Conversations about the themes continued at Sanford, including an opportunity for all students at Sanford to see the show during the school day. The week after the show, my eighth grade workshops focused on decision making for the future. In class, students discussed the values of the characters. During one class, a student raised her hand and said, “For the Baker it was not only important that he get a child, but it was also important to him that he get what he wanted in the "right" way, a way with integrity that reflected his values.”

Students came away from Into the Woods with the idea that difficult choices are sometimes necessary in order to get what you want. Students sacrificed spending time with their friends after school to be at rehearsal. Sometimes they would have to sacrifice being at rehearsal so they could meet after school with a teacher and get help with schoolwork. Our curriculum highlighted how these decisions and wishes in their own lives were reflected in the show. We encouraged students to think about this without placing judgement on their decisions, and instead focus on figuring out what was most important for each of them individually. Even if students don’t pursue acting in the future, this was one of the many lessons they can take away from this experience.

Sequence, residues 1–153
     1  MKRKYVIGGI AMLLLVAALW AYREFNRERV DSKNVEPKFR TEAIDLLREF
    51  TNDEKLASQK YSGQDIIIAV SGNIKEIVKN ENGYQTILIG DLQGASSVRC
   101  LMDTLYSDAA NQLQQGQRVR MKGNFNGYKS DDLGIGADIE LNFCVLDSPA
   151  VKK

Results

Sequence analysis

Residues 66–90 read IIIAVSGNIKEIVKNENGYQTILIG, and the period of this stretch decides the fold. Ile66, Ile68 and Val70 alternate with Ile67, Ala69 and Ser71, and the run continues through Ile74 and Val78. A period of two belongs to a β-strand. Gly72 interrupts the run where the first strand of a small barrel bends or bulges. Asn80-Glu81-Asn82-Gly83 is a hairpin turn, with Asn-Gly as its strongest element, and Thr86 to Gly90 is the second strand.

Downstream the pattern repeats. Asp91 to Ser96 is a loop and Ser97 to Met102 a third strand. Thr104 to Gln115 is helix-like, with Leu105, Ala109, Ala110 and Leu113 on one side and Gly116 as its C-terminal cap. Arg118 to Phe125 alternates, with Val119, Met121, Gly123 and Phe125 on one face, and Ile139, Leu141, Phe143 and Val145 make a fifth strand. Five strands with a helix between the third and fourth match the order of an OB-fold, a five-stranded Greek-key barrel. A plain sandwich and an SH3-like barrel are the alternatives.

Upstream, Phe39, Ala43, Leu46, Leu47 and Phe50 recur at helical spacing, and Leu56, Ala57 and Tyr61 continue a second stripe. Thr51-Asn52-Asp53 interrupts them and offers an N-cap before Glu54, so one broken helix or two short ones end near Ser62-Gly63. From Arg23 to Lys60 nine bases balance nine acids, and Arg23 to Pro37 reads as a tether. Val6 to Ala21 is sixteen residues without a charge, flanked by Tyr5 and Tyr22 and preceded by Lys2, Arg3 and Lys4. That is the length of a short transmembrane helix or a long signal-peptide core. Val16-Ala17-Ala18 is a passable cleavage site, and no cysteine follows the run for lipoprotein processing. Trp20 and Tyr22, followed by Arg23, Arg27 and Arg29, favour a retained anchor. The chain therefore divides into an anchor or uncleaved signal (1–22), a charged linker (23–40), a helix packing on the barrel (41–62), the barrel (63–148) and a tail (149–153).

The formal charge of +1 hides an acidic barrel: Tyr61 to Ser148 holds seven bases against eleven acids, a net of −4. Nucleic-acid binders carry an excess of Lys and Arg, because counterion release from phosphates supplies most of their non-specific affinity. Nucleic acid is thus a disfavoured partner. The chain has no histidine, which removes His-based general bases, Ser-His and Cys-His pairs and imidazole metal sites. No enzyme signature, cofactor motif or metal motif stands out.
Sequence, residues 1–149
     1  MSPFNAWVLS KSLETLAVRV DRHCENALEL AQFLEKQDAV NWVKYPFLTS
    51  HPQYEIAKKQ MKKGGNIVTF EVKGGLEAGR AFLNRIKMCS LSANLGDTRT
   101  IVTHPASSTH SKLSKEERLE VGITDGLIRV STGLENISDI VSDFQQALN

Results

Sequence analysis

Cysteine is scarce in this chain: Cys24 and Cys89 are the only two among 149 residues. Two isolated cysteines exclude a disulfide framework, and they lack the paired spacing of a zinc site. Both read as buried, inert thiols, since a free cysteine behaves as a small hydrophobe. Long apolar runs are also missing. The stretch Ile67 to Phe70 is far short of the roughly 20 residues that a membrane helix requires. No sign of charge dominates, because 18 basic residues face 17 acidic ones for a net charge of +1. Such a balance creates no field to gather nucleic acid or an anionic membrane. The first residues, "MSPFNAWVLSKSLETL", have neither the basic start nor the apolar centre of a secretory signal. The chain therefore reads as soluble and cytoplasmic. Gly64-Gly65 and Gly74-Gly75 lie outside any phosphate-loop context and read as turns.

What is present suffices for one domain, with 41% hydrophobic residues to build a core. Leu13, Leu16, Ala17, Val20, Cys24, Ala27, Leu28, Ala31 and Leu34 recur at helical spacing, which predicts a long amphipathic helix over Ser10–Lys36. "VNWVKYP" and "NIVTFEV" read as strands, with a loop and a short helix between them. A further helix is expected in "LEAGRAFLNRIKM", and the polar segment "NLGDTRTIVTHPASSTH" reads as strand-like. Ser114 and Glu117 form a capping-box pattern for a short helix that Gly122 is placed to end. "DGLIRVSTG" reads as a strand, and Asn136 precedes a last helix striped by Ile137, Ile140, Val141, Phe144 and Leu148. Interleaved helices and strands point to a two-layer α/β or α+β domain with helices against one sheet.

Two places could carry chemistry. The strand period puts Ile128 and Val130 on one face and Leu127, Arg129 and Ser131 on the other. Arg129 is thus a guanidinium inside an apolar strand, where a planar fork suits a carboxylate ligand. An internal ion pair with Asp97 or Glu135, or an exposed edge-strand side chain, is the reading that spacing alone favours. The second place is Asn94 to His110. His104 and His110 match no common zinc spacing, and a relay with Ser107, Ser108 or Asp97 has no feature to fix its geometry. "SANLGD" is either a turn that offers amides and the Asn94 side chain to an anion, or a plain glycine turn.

These conversations do not end now that the musical has finished. Students will be asked these questions many times through different Project SUCCESS programs. Through the musical curriculum, we worked to connect these questions to the Into The Woods story and rehearsal process: We helped them explore how theater can connect to their own experiences, encouraged them to reflect on their values and futures, and celebrated their individual strengths and perspectives in a way that can take with them for the rest of their lives.